The little Indian Ocean island of Zanzibar is an exotic melting pot of African, Arabic and Indian cultures. I was particularly inspired by this door as it had sophisticated and elaborate carvings on it.
Such doors line the streets of this island. In the 1980s the Stone Town had 800 historical doors, but the numbers have since reduced owing to lack of renovation and eager international collectors willing to pay a hefty price. Time stands still in the Stone Town – it is like a window to the past.
This door has the Arabic inspired intricate carvings, and the Indian inspired spikes. The “barazas” or benches on each side are a focal point community life. Almost all traditional Swahili homes have these.
This massive teak or mahogany structure grace the fronts of almost all buildings of note. The names of the owners are usually inscribed at the top of the door.
The doorway consists of a centre post and two separate doors on both sides. Wave-like patterns and ropes allude to the seaborn trade. Chain-like designs are said to protect the building from evil spirits. Vines refer to the spice trade. Indian lotus flowers are emblems of prosperity.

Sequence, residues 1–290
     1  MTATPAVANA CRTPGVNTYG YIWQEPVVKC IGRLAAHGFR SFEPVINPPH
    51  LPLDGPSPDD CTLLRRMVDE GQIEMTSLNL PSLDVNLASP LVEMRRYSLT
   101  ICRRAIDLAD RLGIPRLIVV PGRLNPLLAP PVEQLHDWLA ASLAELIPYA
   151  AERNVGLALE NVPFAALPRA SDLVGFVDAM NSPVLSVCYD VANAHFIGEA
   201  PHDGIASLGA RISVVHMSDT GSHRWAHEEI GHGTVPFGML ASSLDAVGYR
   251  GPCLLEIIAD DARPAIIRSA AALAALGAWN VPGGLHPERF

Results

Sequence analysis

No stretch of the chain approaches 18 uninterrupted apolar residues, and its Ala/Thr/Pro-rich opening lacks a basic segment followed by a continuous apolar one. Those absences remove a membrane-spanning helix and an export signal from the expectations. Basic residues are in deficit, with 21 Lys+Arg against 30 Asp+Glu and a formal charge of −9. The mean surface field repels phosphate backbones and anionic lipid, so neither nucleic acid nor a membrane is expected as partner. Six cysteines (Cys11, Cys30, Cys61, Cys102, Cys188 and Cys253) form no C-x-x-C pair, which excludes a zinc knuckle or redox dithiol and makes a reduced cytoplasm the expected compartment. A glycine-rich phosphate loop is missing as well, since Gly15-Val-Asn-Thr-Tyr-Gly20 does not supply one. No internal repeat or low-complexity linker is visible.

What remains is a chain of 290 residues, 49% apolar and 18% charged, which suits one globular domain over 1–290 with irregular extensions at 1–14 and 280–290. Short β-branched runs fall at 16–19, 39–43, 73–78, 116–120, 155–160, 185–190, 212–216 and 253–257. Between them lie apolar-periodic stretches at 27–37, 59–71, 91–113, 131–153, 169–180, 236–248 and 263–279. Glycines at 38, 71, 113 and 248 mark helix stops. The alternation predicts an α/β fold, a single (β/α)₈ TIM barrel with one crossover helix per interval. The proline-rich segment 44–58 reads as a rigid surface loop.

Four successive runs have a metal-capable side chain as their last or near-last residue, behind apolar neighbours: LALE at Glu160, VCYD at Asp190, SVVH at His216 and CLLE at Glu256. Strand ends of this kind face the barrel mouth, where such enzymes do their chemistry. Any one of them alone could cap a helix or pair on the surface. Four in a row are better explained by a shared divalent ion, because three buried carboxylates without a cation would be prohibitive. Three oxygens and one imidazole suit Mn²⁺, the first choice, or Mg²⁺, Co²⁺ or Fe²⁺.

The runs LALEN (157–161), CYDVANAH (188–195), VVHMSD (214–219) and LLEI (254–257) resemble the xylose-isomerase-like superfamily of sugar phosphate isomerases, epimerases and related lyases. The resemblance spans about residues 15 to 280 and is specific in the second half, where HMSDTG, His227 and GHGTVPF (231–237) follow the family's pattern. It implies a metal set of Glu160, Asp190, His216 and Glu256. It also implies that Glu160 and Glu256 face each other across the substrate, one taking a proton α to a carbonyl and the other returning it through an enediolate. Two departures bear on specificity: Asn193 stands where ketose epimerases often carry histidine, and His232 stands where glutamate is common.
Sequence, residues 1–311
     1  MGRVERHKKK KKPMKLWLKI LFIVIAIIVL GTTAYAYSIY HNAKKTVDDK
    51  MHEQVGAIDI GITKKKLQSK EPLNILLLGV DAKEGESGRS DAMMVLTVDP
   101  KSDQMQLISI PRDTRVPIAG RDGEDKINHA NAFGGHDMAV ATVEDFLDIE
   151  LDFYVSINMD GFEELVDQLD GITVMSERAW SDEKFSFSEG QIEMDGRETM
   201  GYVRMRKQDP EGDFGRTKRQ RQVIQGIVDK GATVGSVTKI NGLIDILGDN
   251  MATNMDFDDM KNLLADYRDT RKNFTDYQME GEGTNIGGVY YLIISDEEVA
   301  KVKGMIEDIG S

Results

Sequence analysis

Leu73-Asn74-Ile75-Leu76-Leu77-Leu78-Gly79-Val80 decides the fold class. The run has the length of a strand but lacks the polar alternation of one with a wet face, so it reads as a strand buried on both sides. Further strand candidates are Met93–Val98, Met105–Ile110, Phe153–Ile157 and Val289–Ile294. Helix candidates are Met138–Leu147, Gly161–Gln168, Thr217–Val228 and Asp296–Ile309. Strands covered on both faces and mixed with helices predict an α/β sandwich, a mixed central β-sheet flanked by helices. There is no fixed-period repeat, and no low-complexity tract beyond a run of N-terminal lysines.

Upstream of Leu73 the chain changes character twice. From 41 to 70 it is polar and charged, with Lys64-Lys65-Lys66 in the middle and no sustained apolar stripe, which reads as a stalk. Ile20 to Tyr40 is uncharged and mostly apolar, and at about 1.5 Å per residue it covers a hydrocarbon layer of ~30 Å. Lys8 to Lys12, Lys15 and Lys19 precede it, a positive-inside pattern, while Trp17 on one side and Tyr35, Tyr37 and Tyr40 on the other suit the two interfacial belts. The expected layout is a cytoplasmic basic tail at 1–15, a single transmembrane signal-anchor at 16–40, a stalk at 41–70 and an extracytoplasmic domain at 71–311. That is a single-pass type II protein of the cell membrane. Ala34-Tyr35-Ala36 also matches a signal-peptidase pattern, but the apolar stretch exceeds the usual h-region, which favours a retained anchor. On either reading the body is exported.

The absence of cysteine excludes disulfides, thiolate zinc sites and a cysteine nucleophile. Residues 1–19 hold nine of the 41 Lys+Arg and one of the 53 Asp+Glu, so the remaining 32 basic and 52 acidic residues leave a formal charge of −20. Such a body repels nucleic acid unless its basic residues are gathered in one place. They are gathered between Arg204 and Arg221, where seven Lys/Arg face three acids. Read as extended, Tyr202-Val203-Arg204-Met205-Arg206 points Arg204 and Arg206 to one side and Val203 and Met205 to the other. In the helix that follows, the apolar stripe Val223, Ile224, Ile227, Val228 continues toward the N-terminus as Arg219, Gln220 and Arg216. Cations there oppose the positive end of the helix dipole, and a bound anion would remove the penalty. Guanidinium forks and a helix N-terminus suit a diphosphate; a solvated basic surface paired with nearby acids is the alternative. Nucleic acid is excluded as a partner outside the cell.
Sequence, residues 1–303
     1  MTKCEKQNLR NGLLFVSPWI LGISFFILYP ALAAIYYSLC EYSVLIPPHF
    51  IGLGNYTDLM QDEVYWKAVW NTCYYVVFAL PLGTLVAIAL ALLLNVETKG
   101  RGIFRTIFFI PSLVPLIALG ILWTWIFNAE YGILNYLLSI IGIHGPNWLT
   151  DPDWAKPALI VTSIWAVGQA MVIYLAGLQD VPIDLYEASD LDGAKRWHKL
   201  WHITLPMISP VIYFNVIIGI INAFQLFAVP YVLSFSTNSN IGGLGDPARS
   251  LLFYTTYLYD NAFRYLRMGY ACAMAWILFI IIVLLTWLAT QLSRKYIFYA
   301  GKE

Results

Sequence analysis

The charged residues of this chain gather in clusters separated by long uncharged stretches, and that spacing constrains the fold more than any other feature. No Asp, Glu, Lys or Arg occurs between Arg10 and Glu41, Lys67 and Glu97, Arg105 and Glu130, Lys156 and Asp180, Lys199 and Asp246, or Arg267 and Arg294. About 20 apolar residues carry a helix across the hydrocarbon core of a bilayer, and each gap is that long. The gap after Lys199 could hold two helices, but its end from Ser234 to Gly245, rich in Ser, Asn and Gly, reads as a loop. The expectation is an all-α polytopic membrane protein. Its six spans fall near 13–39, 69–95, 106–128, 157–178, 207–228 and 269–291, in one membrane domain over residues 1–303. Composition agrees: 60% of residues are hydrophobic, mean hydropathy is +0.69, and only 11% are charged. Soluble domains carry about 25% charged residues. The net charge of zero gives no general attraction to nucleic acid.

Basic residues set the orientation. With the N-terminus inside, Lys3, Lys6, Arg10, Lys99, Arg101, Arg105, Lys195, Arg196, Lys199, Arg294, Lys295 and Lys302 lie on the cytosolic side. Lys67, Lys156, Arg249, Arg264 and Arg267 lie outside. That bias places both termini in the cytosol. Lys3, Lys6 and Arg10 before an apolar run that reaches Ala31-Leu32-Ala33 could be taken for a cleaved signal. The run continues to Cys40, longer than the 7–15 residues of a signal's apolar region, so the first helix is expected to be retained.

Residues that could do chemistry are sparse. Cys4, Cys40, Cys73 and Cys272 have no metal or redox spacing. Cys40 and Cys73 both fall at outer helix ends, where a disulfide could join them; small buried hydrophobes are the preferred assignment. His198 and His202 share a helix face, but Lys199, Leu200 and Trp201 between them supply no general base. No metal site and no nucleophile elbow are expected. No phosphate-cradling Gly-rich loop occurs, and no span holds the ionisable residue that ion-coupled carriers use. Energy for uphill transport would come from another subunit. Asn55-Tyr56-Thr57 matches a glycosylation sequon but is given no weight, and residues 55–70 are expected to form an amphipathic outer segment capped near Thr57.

Follow me, as I take you to Zanzibar through art!
DALA DALA EXPERIENCE
Dala Dalas are shared minibuses popularly used to get about and around in Zanzibar and other East African coastal towns. The name Dala is a connotes Dollar. The original Dala Dalas are open trucks fitted with benches, frames and a roof. The natural aeration makes them ideal for humid and hot weather of the coastal towns. They are an attraction in themselves with their bright exteriors painted in set designs and colours to indicate their route. The conductor, known as “mpiga-ndebe”, will hit the sides and roof of the vehicle to attract customers and notify the driver when to stop and when to move.
They provide the public with cheap and convenient privately owned transport. They are crowded but have a very charming and friendly atmosphere with conversations ranging from music to football, fishing and a lot more. They will stop anywhere and everywhere to drop and pick passengers in the traffic filled roads.